Tag: new york city trees

Christmas Tree Facts Infographic

Christmas Tree Facts Infographic

christmas-graphic

Christmas time is right around that corner, so why not a graphic to celebrate the origins of the Christmas tree? This graphic, created by All in One Garden & Leisure, gives a rather unique look at the tree’s beginnings and its, for lack of  better words, journey through time.

One of the interesting stats presented by the graphic is the number of households who choose to put an artificial tree up versus a real tree taken right out of the forest (or jungle if you’re celebrating Christmas in South Africa).  The pie charts in the graphic demonstrate that more people in the U.S. opt to go with a natural tree then their fellow tree buyers in the U.K. My gut reaction when I saw that stat was, “I wonder how many trees are actually grown the U.K.?  Doesn’t seem like there is nearly as much land.” And sure enough, my question was answered right below that.   As I suspected, there are more trees (many, many more trees actually) grown in  the U.S. then there are grown in Great Britain. There are 20.8 million trees grown the U.S. and 4.4 million grown in the United Kingdom. With these kind of numbers, it does make sense that there would be a higher percentage of real Christmas trees bought in the U.S.  The U.S. is more intent on destroying its forests than the U.K it would seem.  The graphic notes that each acre of land dedicated to growing Christmas trees would provide the daily oxygen required for 18 people to live.  Basically, the graphic does a good job of making you feel guilty about celebrating Christmas with a real tree.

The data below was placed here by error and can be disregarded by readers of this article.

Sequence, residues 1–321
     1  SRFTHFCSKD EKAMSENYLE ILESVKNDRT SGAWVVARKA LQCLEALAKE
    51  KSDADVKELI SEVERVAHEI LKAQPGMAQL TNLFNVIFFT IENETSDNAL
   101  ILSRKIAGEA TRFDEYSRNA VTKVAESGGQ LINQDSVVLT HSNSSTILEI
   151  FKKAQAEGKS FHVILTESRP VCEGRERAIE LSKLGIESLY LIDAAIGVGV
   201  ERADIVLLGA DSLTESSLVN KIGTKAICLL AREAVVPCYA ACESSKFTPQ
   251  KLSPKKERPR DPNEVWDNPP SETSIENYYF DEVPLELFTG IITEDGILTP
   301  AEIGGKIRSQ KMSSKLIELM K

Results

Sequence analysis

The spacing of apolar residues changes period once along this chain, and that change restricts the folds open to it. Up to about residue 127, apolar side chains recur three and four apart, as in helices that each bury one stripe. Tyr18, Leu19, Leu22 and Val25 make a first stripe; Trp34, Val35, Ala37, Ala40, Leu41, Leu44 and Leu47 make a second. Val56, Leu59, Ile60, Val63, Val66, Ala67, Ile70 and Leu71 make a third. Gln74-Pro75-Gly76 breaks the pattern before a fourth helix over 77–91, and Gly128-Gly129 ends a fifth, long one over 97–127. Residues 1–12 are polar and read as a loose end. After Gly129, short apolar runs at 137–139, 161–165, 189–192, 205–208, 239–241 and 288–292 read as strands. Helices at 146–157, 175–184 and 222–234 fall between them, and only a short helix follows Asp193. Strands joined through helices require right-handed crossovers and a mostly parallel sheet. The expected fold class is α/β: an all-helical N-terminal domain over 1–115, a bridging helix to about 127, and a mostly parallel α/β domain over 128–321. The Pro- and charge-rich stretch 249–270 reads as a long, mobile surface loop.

The most popular real tree brand by the way is a humdinger of a tree dubbed the Fraser Fir. The graphic showcases a little tree time line, noting that the first Christmas tree was used in Latvia in 1515 and that the explosion of Christmas trees in America began in 1901 with the under-hyped birth of the first Christmas tree farm in New Jersey. Today 98% of Christmas trees purchased around the world are grown on tree farms. Only 2% are cut in the wild. Of those that are cut in the wild, a tree farmer either uses a saw or a trained animal with sharp teeth, such as an alligator, to slowly chomp away at the tree until it falls down.  We do have a bit of a worldwide tree waste problem, with 976,000 real Christmas trees thrown away each year–in London alone.

Some other neat facts in the graphic: using electric lights on Christmas trees was first suggested by Thomas Edison’s upstart assistant, Edward Johnson, in 1882. Alright, let’s go to the grading portion now.

Design: A+

I was knocked out my chair by the brilliance of this graphic. Perfect in every way.

Content: A

There are no shortage of interesting facts here. A superb research job.

So to recap, a stupendous job by the artist. A stupendous job by the writer. This is what an infographic was meant to be.

Asian Longhorned Beetle Killing New York City Trees (Infographic)

Asian Longhorned Beetle Killing New York City Trees (Infographic)

asian longhorned beetle infographic

Asian Longhorned Beetle Killing New York City Trees

What a novel concept, an infographic that actually gives information that is crucial and possibly life-changing…at least to some trees. While not a true infographic in the most strict and classical sense of the word, it does graphically display the area where the Asian Longhorned Beetle is having a devastating affect on the trees in New York.

The content is interesting, especially if you are  a resident of New York, and provided in an easy to read format. The problem is broken down and then a solution, also easily seen, is given. How handy.

The graphics are well done, if not spectacular, mixing photography with computer graphics. A illustration of the insect is included, but an actual photo would be nice for identification.

This is a great way to get out a public service message and the care in design is evident.

Infographics Scorecard

Design: B
Graphics are handled well, but a missed opportunity took the grade down for not showing a photo of the Asian Longhorned Beetle.

Content: A-
What more could you want? Just the facts. Here’s the problem. Here’s the solution. Fix it!

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